How far we’ve come from the days of “King Obama.”
Republicans for years decried President Barack Obama’s alleged overreach on executive actions, alleging that he effectively governed by fiat and ignored or rewrote the law. Now we have a president of the United States talking about effectively amending or at least clarifying the Constitution unilaterally, and the GOP can’t be bothered to raise much of an objection.
Chief among those criticizing Obama for his executive actions, of course, was Trump himself.
“Why is @BarackObama constantly issuing executive orders that are major power grabs of authority?” Trump asked in a 2012 tweet.
This was an almost universal GOP talking point — up to and including suggesting Obama was trying to act like a “king.”
Obama was frequently labeled “lawless” by Sen. Ted Cruz (R-Tex.) and others when he undertook perhaps his most controversial executive action: Offering deportation relief to the children of undocumented immigrants, a program known as Deferred Action for Childhood Arrivals, or DACA. John A. Boehner (R-Ohio), the House speaker at the time, said Obama was acting like a “king or emperor.” Boehner said Republicans “will not stand idle as the president undermines the rule of law in our country and places lives at risk."
Whether Obama went too far with executive actions is a valid question. His quantity was hardly exceptional, but it’s really the content that matters. DACA did indeed test the bounds of the law — as Obama himself had admitted before he did it — and it got hung up in court before Trump voided it with one of his own executive actions.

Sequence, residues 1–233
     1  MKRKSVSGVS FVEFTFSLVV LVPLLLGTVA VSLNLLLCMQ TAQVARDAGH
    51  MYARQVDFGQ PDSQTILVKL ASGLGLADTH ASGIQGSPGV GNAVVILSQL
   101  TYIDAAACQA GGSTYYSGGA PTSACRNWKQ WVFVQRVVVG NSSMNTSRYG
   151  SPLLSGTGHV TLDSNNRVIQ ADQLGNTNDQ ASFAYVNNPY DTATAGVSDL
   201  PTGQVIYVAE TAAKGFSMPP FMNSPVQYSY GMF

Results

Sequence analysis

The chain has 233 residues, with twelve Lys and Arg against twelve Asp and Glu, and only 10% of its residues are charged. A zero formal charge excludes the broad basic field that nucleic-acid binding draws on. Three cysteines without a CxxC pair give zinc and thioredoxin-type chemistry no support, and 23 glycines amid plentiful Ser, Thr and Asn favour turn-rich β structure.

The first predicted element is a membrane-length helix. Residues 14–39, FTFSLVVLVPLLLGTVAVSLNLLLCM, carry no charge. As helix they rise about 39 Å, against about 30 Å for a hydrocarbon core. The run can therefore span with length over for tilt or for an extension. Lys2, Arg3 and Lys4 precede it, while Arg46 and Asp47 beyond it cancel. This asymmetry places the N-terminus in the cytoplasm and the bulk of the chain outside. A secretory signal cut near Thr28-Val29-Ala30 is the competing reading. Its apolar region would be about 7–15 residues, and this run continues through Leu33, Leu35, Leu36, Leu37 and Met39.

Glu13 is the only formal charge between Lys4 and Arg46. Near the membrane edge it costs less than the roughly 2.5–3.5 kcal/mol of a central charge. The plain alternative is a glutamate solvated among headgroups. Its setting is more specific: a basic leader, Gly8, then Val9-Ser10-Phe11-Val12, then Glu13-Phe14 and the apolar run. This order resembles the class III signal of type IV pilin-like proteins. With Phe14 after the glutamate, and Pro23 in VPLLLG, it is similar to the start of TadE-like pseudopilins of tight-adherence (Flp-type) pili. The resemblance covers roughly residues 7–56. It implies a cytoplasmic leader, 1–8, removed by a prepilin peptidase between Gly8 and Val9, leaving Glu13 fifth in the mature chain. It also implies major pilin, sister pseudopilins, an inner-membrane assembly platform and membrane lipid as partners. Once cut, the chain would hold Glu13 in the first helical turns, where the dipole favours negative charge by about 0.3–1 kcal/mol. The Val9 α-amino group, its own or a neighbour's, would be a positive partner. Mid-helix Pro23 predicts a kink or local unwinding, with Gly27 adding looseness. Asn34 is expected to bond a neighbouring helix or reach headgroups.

Grassley was stunned at Obama’s move, delivering a lengthy floor statement that mentioned the Constitution 24 times. “When talking about immigration policy, the president has acknowledged that he ‘isn’t a King,’ ” Grassley said. “He shouldn’t act like one.”
But Trump’s proposal takes things to a another level. While Obama was questionably trying to act within laws passed by Congress, Trump is arguably trying to change the Constitution in a way even Ryan says is flatly unconstitutional. The threshold for constitutional amendments — two-thirds majorities in Congress and three-fourths of states — is considerably higher for a reason: Because it impacts the very structure of our government. And the Supreme Court has been pretty clear that the 14th Amendment applies to everyone born here. This could very easily be construed as a president overturning Supreme Court precedent.
Hypocrisy is nothing new in politics. Republicans are big on fiscal responsibility when there is a Democrat in the White House and considerably looser with the purse strings when a Republican is in charge. There are often ways to talk your way out of how a Republican president doing something similar to what a Democratic president did is actually different.
In this case, though, Republicans know that what Trump just proposed is beyond anything Obama attempted, and the fact that more of them aren’t saying what Ryan said is pretty hypocritical.